Q4. Bangladesh has a common history with India. The latest figures are pointing to the fact that this country will be one of the main players in the new globalized economy. Taking that into consideration, what is the role of Bangladesh vis-à-vis India?
We need to learn from the experience of India and at the same time complement its growth. When a big ship rises, it can take smaller ships along with it because of the environment it creates. Since India is emerging as a super economic power, we hope that not only the government, but also the individual businesses in Bangladesh will take in to account the need to grow also in order to improve the economy. You will be happy to learn that Bangladesh is already doing quite well. According to many surveys, in the last decade we have experienced around 6% economic growth. We are within the emerging eleven and are the fourth largest producer of both rice and ready-made garments. We have around ten million people working abroad and sending remittances back regularly. We are the largest provider of peacekeeping forces and have brought most of the population out of poverty. Now in Bangladesh the poverty rate is only 30%, and in many countries it is much higher. Our population of 162 million is almost twice that of Germany, so with all of these success stories, I am very hopeful we will compliment the growth of India and that as a good neighbor we will also succeed.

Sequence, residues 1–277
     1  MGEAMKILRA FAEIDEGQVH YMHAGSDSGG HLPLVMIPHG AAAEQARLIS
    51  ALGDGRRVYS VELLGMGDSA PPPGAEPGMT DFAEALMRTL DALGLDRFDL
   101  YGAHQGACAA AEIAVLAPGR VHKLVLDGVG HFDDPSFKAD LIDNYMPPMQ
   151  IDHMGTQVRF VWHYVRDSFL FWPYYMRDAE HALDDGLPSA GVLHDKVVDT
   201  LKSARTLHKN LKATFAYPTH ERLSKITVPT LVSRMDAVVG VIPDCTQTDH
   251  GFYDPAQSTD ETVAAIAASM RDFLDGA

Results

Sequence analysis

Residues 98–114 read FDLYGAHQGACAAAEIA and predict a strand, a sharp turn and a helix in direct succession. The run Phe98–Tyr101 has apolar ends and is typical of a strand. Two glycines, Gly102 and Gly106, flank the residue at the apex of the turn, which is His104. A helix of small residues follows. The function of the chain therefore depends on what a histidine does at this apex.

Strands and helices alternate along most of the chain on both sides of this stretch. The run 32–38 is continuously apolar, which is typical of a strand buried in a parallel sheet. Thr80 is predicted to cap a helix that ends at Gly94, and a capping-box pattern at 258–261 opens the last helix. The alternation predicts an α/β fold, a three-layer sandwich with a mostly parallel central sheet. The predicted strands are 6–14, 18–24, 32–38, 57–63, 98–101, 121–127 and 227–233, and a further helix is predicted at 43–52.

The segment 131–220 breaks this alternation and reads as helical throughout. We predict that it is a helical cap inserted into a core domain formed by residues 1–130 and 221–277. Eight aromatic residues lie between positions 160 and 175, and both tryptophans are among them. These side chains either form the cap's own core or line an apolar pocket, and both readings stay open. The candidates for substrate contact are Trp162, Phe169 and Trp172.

Q5. What would you therefore define as the main asset of your country in promoting itself beyond solely being the neighbor to India?
Our biggest strength is our homogeneity. Most of the people of Bangladesh speak Bangla, and more than 99 percent of the people are of Bengali background. Ethnologically we can call ourselves the Bengali. We are the Bengali nation. I am very hopeful this homogeneity will help us to progress. This gives us big advantage in comparison to a country that has many different nations and ethnicities within the same borders. This is sometimes also a challenge but in our case that challenge is very minimal and this will help us to thrive further. If you take into consideration the progress in education, healthcare, agriculture, production and business, these are also indicators that show Bangladesh can thrive.
Q6. And to further this, what are the main challenges facing Bangladesh in the coming decade?
The main challenge of Bangladesh is how to use its large population effectively and at some point balance population growth. We need to help the population become more productive and also provide for their needs, such as education. This is a big challenge for a very small country with minimal resources. Another challenge is climate change, which is not only in our hands, but is the responsibility of all nations. If climate change goes unhindered, sea levels will rise and the southern part of Bangladesh might flood around portions of the Bay of Bengal. This is why the Honorable Prime Minister Sheik Hasina is asking all the countries of the world to address the threat of global warming. It is necessary to help countries like Bangladesh and the Maldives overcome these grave threats such as the rise in sea level rises as well as other kinds of pollution. If you ask me, these are the two great challenges for Bangladesh.
Q7. Because you are still currently a developing country, do you think that Western countries have to take the lead in climate change?
Absolutely, you are correct.
Thank you for your time.